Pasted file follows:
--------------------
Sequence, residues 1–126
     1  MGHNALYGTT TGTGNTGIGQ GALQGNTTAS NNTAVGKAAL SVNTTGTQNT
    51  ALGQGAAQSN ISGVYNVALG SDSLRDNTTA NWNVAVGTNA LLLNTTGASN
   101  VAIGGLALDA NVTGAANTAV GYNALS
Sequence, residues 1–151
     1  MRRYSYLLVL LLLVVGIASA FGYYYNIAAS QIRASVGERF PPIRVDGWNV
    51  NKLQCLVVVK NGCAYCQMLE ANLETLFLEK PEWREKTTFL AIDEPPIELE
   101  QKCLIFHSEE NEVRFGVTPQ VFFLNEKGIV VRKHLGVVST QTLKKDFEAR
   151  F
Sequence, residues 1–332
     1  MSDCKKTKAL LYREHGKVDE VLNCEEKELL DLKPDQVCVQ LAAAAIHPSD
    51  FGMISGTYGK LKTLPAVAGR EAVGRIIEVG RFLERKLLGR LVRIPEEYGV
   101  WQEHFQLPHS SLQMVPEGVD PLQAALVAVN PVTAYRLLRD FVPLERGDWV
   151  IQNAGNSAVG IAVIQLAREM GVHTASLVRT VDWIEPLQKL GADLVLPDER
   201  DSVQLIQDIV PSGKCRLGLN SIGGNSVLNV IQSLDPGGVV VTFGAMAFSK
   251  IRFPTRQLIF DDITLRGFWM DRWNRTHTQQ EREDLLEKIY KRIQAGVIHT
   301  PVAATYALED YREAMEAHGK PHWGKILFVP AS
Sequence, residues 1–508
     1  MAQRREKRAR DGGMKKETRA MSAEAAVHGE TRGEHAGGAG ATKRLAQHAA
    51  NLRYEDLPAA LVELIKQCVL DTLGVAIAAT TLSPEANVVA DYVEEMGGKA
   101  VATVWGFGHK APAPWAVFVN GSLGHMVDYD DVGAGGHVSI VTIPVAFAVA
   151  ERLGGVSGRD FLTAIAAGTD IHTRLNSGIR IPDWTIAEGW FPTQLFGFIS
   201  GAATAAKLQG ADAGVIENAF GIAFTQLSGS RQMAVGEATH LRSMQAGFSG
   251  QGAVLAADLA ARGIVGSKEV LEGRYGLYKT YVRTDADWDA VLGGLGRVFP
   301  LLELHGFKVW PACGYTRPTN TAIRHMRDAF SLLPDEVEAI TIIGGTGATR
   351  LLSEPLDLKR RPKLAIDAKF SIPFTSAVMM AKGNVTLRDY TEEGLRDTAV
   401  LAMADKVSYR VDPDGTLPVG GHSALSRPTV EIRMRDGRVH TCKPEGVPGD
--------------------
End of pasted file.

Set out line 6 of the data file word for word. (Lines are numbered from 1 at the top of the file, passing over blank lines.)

     1  MRRYSYLLVL LLLVVGIASA FGYYYNIAAS QIRASVGERF PPIRVDGWNV